How do we know the difference between dialects of the same language and very similar, yet separate languages?

Posts48Likes49Joined23/9/2019LocationNovi Sad / RS
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So as a resident of the cluster of political nonsense known as the Balkans and a native Serbian speaker, I've spent my whole life talking to Croatians, Bosnians, and Montenegrins, watching their movies and TV shows, reading their books and similar stuff. The catch is, I don't speak Croatian, Bosnian or Montenegrin, or at least I don't think I do. I speak Serbian. I've never learned these languages, but as a Serbian speaker I understand them perfectly, and those people understand me. In fact, as a Serbian speaker from the north, I'm way more likely to understand a Croatian speaker from Zagreb or Slavonia than a fellow Serbian speaker from the deep south! How does that make any sense?!


I've spent all my childhood wondering why these languages are considered separate, when they are nearly exactly the same. Now I understand that in this exact example politics have made irreversible change to the language family, but there is a ton of examples of very intelligible languages being named separately, and some official "dialects" of one language being very tough to understand for standard or different dialect speakers of that same language. For example, why is Venetian a separate language to Italian or Galician to Spanish, but Swiss German and Latin American Spanish are just dialects of German and Spanish? Why are a Moroccan and an Iraqi both native speakers Arabic, if they are likely to have pretty significant difficulties talking to each other due to how different their dialects are?


What do you think? Do you sometimes disagree with the official definitions? To be honest, to me Serbian, Croatian, Bosnian and Montenegrin will always be the same language, even if they are spoken by different nations. Where do you draw the line on what you consider a language or a dialect?

JEG KAN IKKE FORSTÅ

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#1
Posts1198Likes772Joined18/3/2018LocationBellingham / US
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You ask some very good questions. I've wondered about similar situations myself, and I can't answer. I just decided to live with the classifications that linguists have made, but it would be interesting to know the thought process behind it all.

I'm reading the Malazan Book of the Fallen.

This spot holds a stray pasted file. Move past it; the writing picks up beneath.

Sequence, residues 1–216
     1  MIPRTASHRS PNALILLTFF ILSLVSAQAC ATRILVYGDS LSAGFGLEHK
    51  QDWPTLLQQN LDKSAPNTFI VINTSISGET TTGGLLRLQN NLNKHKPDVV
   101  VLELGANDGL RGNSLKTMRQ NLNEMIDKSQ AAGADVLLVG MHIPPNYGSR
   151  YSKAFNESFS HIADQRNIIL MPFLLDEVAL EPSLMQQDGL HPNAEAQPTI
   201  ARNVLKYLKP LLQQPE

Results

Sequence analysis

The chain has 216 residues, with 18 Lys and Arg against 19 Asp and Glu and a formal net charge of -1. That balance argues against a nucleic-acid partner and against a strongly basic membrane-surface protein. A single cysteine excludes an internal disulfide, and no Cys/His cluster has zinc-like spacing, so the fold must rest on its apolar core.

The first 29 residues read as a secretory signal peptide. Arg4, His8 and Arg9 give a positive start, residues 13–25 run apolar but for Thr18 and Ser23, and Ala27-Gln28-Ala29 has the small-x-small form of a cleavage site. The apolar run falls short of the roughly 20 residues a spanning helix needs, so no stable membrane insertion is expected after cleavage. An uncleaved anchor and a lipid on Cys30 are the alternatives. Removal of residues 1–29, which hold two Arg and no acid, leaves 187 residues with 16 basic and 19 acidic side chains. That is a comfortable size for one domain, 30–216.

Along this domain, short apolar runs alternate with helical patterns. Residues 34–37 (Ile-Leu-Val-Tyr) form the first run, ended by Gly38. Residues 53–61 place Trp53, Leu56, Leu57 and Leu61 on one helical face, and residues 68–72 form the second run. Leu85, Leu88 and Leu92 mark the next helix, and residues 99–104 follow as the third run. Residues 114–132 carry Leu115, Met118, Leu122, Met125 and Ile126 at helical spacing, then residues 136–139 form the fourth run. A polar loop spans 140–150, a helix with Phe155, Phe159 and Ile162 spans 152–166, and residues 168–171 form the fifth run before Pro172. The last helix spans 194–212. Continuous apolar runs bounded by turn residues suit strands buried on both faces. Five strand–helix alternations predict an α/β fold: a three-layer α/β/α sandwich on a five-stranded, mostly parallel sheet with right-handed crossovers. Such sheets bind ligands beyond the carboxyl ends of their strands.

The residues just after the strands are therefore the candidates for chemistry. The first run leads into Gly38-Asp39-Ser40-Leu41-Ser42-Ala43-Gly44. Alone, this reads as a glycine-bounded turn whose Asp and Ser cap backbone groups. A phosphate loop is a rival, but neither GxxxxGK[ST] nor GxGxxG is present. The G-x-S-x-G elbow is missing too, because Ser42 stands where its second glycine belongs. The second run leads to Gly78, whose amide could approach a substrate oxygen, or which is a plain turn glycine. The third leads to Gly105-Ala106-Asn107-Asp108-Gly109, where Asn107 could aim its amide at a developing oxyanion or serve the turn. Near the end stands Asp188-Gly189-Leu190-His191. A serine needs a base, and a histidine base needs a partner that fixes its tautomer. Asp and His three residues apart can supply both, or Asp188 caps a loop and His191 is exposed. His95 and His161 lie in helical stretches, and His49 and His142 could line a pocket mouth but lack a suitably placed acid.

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#2
Posts35Likes31Joined20/9/2019LocationRizal / PH
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That's a tough one. Now that I think about it, I also don't know any difference. I think other countries just identified their dialects as a means to have identity even if it's just a small variation of another language. That's why there doesn't seem to be any difference at all because they're just the same. 

"Не волнуйтесь"

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#3
Posts162Likes46Joined19/9/2019LocationSão Paulo / BR
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Language studies are not that "neutral" at all! Your description of "the Balcans" was a great example, as is my own country, and other ex-colonies linguistic situations. History - political, economic, cultural, social - is the clue for all those (artificial) boundaries, and it's fascinating to see languages under these lenses! As for dialects in Spain, you have to check the historical moment of the Nation-State birth, when Castille emerged as political power center, imposing Castillan as "national language" (the same for other European countries). Some Spaniards get very upset when you call the language "Spanish" because of that process, which diminished the status of languages into "dialect"... We cannot forget that, together with language, goes cultural influence and even supremacy.

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#4
Posts48Likes49Joined23/9/2019LocationNovi Sad / RS
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Thanks for the comments, guys!


Yeah, I guess that history and politics are the biggest players in this game, and that linguistics comes second sometimes.


Also, Valeria, if you don't mind me asking a somewhat related question: how different is Brazilian Portuguese from Portuguese spoken in Portugal? I'm thinking of taking up Portuguese at uni since I love so much Brazilian music and films. The lector is from Portugal though, and I'd be bummed if I couldn't understand my favourite movies even after studying the language, if the dialects are too different haha.

JEG KAN IKKE FORSTÅ

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#5
Posts162Likes46Joined19/9/2019LocationSão Paulo / BR
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Kosta.Cirkovic wrote:
Thanks for the comments, guys!
Yeah, I guess that history and politics are the biggest players in this game, and that linguistics comes second sometimes.
Also, Valeria, if you don't mind me asking a somewhat related question: how different is Brazilian Portuguese from Portuguese spoken in Portugal? I'm thinking of taking up Portuguese at uni since I love so much Brazilian music and films. The lector is from Portugal though, and I'd be bummed if I couldn't understand my favourite movies even after studying the language, if the dialects are too different haha.
I'm amazed by your interest in Brazilian music and films! Brazilian and Portuguese are not so different, just some uses and vocabulary which are not impossible to overcome, the main problem is pronunciation, we can understand one another but I guess it wouldn't be that easy for a foreigner to flow between the two languages... anyway, don't give up! It's just a matter of looking for lyrics and watching movies with subtitles until you adapt. I can help you with song translation if you wish!

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